If Dilemmas had horns. The Idle American.
October 11, 2013
If dilemmas really had horns–lodged precisely between the two points–one could better understand my Uncle Mort. That’s where my 101-year-old kin abides mostly, with a built-in gyroscope guiding him toward the left horn at times and the right one at others.
He claims this location as the one they’ll carry him off from. He wants to be remembered as a man with opinions extracted from deepest pools of thinking, alternated with those dredged quickly from the shallows.
“If I toiled for a newspaper, they’d probably put me in charge of the editorial page,” I’ve heard him say. “That would put the newspapers straightway on the trail to an editorial policy known for the publications’ ‘but on the other hand’ stances.”
When Mort calls, I listen. Actually, that’s my only option, since he clatters away without pauses on topics from the closest hither to the farthest yon. “Hmmmmmm,” or sometimes, “You don’t say,” are the only expressions I can cram in. (Remember, Mort talks at 250 words per minute, with gusts to 300.)
Recently, he called to discuss diseases, one in particular—fibromyalgia. He doesn’t think he’s come down with a case of it, but he wants to know more about it.
His specificity surprised me, since he’s so rarely ill and passes his infrequent physical exams with colors flying in the breeze. With him and the dilemma business, doctors are on one horn and his self-prescribed herbal treatments on the other.
He claims the emails have prompted no orders for pills offering quick relief. However, he’s glad to know about the signs, anyway.
“It gives me something to talk about at the domino table, and when I get my next physical exam, I like to point to some disease the doctor may want to check me for,” he concluded. “Besides that, I enjoy saying a long word that rolls off the tongue so easily and gives my friends one more thing to Google,” he chuckled.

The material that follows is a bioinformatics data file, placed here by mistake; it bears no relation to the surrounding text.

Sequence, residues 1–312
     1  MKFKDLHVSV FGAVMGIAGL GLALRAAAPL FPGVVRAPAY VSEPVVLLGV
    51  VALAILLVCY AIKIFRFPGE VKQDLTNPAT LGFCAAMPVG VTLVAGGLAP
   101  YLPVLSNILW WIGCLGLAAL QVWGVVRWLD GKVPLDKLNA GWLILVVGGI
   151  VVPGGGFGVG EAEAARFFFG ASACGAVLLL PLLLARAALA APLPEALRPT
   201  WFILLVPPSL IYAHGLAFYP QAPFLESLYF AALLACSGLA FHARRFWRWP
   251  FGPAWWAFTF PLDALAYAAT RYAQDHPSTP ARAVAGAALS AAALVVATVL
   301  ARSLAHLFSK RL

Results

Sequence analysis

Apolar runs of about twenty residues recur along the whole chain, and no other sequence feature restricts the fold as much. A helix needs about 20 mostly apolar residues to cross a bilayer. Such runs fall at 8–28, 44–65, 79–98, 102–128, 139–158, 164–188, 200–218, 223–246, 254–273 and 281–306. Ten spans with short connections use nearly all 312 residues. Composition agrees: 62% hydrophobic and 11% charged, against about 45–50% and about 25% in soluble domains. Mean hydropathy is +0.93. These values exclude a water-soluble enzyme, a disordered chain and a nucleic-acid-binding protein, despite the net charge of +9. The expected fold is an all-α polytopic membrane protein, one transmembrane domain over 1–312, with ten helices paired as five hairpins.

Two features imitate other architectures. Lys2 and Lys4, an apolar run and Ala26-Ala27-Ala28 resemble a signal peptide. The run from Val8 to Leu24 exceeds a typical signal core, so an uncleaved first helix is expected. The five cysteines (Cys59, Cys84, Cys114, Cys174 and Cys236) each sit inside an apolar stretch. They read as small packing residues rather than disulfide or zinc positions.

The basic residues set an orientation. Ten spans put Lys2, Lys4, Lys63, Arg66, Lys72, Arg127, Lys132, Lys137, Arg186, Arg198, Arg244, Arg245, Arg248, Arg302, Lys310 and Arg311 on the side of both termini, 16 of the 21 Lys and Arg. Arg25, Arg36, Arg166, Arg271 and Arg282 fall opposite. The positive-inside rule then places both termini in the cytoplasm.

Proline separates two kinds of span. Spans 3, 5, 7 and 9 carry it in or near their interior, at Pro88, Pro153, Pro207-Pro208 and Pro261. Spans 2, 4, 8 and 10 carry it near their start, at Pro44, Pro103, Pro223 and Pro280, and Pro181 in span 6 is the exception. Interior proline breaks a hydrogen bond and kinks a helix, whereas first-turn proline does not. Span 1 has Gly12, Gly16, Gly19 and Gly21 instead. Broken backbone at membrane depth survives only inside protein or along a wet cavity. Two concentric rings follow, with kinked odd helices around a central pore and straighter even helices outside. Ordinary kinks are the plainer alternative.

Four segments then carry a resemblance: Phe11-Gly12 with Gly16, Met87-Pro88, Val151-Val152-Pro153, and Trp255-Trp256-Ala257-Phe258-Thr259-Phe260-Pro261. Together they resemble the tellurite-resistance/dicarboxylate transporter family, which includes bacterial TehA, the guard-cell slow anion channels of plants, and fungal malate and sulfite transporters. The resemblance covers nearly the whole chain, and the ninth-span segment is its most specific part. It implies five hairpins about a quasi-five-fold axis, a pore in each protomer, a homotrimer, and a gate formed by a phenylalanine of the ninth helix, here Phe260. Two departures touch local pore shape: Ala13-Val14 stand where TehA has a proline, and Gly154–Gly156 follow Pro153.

His reference to fibromyalgia got me thinking about our Sunday school class. To start each session, the most of us snack—and often get seconds—of brunch-like foods not allowed in our homes.
But hey, can’t we get off the straight and narrow once weekly at the Lord’s House? Let’s just justify it as being “soul food,” or, in Sunday vernacular, “food for the soul.”
Jesus’ biblical words often underscore the importance of eating, saying, “And after they ate.”
The next quarter-hour includes the rat-a-tat-tat conversation of small talk that finally gives way to prayer topics for, uh, the “sick and infirm.”
Finally, there’s delayed reverence as names are called of those facing health issues.
Unless travails are super-serious and already known to others, some members choose to keep conditions to themselves. Revealing “hitches in git-alongs” can invite comments from the peanut gallery that fall short of sensitivity.
A while back, our friend Lynn Thrash told about a problem believed to be temporary following cataract surgery. He’s seeing double.
Uh oh. Admission of it threw the doors for derision wide open. Even with thousands of comedians out of work, some of our guys are determined to audition for comic roles, even with no openings in sight.
One warned that if Lynn sees two bridges while driving, he should be sure to cross on the real one. And another, a golfing hack, opined that such double vision would be handy on the links. “You could always play your best ball,” he advised.
Claiming so much to be right with their world—their football world, anyway—are clergy whose unabashed allegiance lies with Baylor University. (Parsons with long memories admit that they’ve not always had such warm feelings toward the Bears in October.)
One preacher with accouterments all green and gold, crows regularly about BU leading the nation in scoring. He announced that henceforth, he will preach one minute for each point the Bears score the previous week.
Those 70-point averages in mind, a deacon countered, “Go ahead if you must, pastor, but if you do, most of us will leave at the half.”
Dr. Newbury is a speaker in the Dallas/Fort Worth Metroplex. Speaking inquiries/comments to: firstname.lastname@example.org. Phone: 817-447-3872. Web site: www.speakerdoc.com. Twitter: @donnewbury.
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